Response: Teaching critical thinking doesn’t mean presenting irrelevant and ill-founded "alternatives" to basic knowledge that all students need to understand. In the context of science education, it would be appropriate to discuss genuine disagreements within the scientific community — for example, scientific discussions about the pace at which evolution occurred.
Another problem is that teachers discussing "evidence against evolution" would logically be expected to discuss evidence against "scientific creationism." Yet it is impossible to do so without criticizing religious beliefs, which they should not do.
Anti-evolution strategy: Calls to treat evolution as a "controversial issue," by using disclaimers or other methods. Efforts to have school boards adopt evolution disclaimers have become very popular; it may be suggested that a printed disclaimer be inserted in textbooks, or that teachers be required to read aloud a disclaimer.
Response: Point out that evolution is not scientifically controversial, but, rather, the guiding theoretical framework for the modern biomedical and life sciences. Evolution should not be treated differently from other mainstream sciences. The social and political controversies that sometimes arise around the teaching of evolution should be recognized for what they are, social and political controversies, not scientific ones. Of course, there are unresolved questions and open issues within the field of evolution. In this respect, evolution is typical of other scientific fields.
Anti-evolution strategy: Call for "academic freedom" to use "supplementary materials."
Response: Attempts to bring in anti-evolution material is almost always behind calls of this kind. When proposals like these are made, examine the supplementary materials and determine if they are legitimate scientific materials or whether they consist of inaccurate, misleading, or false claims about evolution that circulate in creationist sources. Ensure that local policies were followed in adopting them. References to "academic freedom" are inappropriate in this context. The American Association of University Professors, the chief watchdog for academic freedom, has stated that efforts to teach ID "run counter to the overwhelming scientific consensus regarding evolution and are inconsistent with a proper understanding of the meaning of academic freedom.” By the AAUP’s widely accepted definition, academic freedom is principally the right of college-level scholars to conduct, publish and discuss research. And as the AAUP observes, academic freedom does not carry with it the freedom to misinform students, and that is exactly what happens when ID arguments are taught. Academic freedom, as normally understood, does not apply to teachers in K-12, because they are not researchers. Teachers at that level set the foundation for students to work with active researchers in college.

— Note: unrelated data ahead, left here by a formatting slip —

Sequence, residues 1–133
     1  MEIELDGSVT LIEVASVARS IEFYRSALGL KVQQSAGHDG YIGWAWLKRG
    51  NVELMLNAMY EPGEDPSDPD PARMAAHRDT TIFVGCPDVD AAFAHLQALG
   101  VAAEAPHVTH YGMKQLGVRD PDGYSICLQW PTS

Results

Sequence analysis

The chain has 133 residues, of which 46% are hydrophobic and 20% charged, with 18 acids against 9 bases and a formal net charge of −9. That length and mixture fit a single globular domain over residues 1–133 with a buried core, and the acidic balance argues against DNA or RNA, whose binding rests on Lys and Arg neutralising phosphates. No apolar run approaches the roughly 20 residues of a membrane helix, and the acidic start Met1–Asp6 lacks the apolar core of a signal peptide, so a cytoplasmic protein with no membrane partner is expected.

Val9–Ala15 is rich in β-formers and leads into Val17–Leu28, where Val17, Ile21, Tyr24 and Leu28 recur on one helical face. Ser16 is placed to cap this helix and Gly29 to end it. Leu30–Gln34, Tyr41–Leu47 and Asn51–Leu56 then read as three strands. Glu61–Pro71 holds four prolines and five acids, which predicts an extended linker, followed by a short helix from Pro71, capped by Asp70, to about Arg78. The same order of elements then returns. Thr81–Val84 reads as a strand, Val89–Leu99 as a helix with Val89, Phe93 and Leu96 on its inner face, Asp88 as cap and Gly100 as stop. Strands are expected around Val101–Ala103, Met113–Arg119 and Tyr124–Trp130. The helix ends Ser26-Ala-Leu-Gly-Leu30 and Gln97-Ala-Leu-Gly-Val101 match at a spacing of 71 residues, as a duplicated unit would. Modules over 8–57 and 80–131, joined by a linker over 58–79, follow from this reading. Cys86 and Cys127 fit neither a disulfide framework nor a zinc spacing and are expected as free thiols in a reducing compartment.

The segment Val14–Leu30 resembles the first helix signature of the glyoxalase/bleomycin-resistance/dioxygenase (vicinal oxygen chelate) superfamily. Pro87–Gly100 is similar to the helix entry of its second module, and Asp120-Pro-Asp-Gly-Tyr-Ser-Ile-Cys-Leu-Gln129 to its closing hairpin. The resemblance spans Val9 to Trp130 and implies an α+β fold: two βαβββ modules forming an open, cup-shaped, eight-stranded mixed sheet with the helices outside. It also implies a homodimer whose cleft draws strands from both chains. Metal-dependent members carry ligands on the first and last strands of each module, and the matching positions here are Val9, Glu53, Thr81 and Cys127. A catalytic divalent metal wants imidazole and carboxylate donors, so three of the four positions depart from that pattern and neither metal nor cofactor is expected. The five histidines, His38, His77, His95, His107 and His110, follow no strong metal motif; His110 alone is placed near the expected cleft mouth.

(based on Facing Challenges to Evolution Education by Molleen Matsumura)